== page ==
The Fianna then invited the Fairies of Munster to a feast that they were giving to Fergus and his bride. The Fairies went, and Mananaun and Ainé went before them all. Fergus marched at the head of his troop with the rowan berry still hanging from his mouth. And as he went he bit the stalk and the berry fell to the ground. Fergus never heeded that.

When the feast was over he went to where Mananaun stood with his daughter. Ainé gave him her hand. "And it is well," said Conan, the Fool of the Fianna, "that this thick-witted Fergus has at last dropped the berry out of his mouth." "What berry?" said Curoi, who was standing by. "The rowan berry," said Conan, [273] "that he carried across two townlands the same as if he were a bird."

When Mananaun heard this he asked about the berry that Fergus had carried. It was not to be found. Then the Fianna and the Fairies of Munster started back to look for a trace of it. What they found was a wonderful Rowan Tree. It had grown out of the berry that Fergus had let fall, but as yet there were no berries on its branches.

Mananaun, when he saw the tree said, "No mortal may take a berry that grows on it. Hear my sentence now. Fergus will have to guard this tree until he gets one who will guard it for him. And he may not see nor keep company with Ainé his bride until he finds one who will guard it better than he can guard it himself." Then Mananaun wrapped his daughter in his cloak and strode away in a mist. The Fairy Host went in one direction and the Fianna in another, and Fergus was left standing sorrowfully by the Fairy Rowan Tree.


N EXT day (said Morag), when the King's Councillor was feeding the birds and I was sifting the corn, he told me the rest of the history of the Fairy Rowan Tree. Fergus thought and thought how he might leave off watching it and be with Ainé, his bride. At last he bethought him of a Giant who lived on a rocky island with only a flock of goats for [274] his possessions. This Giant had begged Finn, the Chief of the Fianna, for a strip of the land of Ireland, even if it were only the breadth of a bull's hide. Finn had refused him. But now Fergus sent to Finn and asked him to bring the Giant to be the guardian of the Fairy Rowan Tree and to give him the land around it. "I mislike letting this giant Crom Duv have any portion of the land of Ireland," said Finn, "nevertheless we cannot refuse Fergus."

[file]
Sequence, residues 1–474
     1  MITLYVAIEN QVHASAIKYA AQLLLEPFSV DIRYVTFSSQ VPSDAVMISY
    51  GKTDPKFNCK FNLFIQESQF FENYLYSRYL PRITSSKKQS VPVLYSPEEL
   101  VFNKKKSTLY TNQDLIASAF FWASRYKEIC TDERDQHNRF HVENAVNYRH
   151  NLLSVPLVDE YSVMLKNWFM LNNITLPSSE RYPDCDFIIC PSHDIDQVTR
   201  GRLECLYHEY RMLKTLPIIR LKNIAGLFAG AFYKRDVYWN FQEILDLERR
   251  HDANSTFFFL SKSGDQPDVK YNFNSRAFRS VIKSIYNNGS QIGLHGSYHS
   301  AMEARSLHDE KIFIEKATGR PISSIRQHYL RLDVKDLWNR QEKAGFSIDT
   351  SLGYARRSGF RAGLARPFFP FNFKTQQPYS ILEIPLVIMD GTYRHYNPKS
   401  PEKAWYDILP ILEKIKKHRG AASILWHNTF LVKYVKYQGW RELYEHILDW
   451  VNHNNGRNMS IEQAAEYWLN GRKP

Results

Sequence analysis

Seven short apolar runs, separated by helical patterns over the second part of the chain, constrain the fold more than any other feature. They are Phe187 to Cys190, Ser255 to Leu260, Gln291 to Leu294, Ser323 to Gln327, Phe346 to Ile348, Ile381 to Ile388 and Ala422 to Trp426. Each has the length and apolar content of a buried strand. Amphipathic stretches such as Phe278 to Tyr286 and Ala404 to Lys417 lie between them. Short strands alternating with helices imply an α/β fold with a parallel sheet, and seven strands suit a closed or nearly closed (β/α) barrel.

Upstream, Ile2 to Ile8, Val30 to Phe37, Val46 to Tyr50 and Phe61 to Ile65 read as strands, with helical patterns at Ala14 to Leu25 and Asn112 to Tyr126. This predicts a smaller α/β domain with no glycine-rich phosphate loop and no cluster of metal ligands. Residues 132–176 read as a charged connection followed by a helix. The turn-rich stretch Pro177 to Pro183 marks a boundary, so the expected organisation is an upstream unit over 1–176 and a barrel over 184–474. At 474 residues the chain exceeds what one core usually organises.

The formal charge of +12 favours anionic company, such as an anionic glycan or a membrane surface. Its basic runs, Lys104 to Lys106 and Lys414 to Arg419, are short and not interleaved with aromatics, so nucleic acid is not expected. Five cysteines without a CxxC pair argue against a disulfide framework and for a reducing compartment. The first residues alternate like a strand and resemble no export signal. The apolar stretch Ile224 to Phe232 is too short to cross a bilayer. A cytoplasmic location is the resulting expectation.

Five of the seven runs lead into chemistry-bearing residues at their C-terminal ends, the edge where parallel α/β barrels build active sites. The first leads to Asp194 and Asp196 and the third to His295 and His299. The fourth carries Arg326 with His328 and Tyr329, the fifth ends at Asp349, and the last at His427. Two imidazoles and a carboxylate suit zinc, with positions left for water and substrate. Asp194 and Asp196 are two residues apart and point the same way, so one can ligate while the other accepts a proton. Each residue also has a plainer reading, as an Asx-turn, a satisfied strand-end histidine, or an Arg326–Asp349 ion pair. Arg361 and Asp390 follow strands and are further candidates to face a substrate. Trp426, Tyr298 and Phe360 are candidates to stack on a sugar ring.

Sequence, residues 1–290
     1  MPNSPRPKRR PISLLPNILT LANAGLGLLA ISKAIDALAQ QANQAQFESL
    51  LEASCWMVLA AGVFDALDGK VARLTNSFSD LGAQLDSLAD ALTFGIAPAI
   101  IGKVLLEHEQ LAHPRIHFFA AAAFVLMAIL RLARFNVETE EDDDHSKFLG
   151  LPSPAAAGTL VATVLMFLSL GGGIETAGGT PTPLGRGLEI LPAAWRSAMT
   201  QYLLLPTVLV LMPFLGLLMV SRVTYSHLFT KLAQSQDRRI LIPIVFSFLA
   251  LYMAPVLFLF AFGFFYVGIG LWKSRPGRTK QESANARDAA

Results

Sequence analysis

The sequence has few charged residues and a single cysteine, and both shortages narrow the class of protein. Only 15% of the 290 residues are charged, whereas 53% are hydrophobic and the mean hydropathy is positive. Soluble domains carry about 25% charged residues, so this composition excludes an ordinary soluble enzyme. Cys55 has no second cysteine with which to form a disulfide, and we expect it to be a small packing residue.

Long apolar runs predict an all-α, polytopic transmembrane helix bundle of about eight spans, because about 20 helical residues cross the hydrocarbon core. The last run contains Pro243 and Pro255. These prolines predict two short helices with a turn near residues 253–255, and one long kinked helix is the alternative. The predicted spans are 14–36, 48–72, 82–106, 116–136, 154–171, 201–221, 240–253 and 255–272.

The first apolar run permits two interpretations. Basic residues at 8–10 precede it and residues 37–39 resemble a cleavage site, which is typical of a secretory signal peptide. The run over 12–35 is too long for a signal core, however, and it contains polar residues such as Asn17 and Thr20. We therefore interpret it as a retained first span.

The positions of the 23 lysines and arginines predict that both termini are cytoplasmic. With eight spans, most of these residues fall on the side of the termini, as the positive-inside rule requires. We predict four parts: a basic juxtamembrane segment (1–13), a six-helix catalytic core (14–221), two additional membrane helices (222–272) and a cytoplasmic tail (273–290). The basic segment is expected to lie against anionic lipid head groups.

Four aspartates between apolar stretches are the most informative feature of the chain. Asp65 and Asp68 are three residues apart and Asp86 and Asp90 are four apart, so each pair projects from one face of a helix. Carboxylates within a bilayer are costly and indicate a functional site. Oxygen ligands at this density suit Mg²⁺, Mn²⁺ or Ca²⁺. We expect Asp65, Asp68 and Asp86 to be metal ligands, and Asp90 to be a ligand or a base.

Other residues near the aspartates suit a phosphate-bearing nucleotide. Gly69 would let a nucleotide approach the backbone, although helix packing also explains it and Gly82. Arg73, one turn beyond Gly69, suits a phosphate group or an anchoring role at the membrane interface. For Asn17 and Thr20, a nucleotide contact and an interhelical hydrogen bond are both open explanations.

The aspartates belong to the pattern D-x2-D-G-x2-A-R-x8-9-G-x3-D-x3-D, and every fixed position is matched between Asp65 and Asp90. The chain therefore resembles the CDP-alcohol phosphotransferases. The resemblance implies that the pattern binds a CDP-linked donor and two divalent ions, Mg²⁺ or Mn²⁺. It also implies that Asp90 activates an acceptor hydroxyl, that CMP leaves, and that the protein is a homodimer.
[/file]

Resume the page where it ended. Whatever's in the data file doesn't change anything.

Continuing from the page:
So Finn sent some of the Fianna to the Giant and they found him living on a bare rock of an island with only a flock of goats for his possessions. Crom Duv lay on his back and laughed when he heard what message the men of the Fianna brought to him. Then he put them and his flock of goats into his big boat and rowed them over to Ireland.

Crom Duv swore by his flock of goats he would guard the Fairy Rowan Tree until the red berries ceased to come on its branches. Fergus left his place at the tree then and went to Ainé, and it may be that she and he are still together.

Well did Crom Duv guard the tree, never going far from it and sleeping at night in its branches. And one year a heifer came and fed with his flock of goats and another year a bullock came. And these were the beginning of his great herd of cattle. He has become more and more greedy for cattle, said the King's Councillor, and now he takes them away to far pastures. [275] But still the Fairy Rowan Tree is well guarded. The Bull that is called the Bull of the Mound is on guard near by, and twenty-four fierce yellow cats watch the tree night and day.

The Queen of Senlabor and many another woman besides desires a berry from the Fairy Rowan Tree that stands in Crom Duv's courtyard. For the woman who is old and who eats a berry from that tree becomes young again, and the maid who is young and who eats a berry gets all the beauty that should be hers of right. And now, my maid, said the King's Councillor to me, I have told you the history of the Fairy Rowan Tree.


W HEN I heard all this (said Morag), I made up my mind to get a berry for the Queen and maybe another berry besides from the Fairy Rowan Tree in Crom Duv's courtyard. When the King came into the kitchen again, I asked him would he permit my foster-sisters to marry Downal and Dermott if I brought to his Queen a berry from the Fairy Rowan Tree. He said he would give permission heartily. That night when I felt the tears of Baun and Deelish I told them I was going to search for such a dowry for them that when they had it the King would let them marry the youths they had set their hearts on. They did not believe I could do anything to help them, but they gave me leave to go.

[276] The next day I told the Queen I was going to seek for a berry from the Fairy Rowan Tree. She told me that if I could bring back one berry to her she would give me all the things she possessed. I said good-by to my foster-sisters and with the Little Red Hen under my arm I went towards the house of the Hags of the Long Teeth. I built a shelter and waited till Crom Duv came that way. One early morning he came by. I stood before him and I told him that I wanted to take service in his house.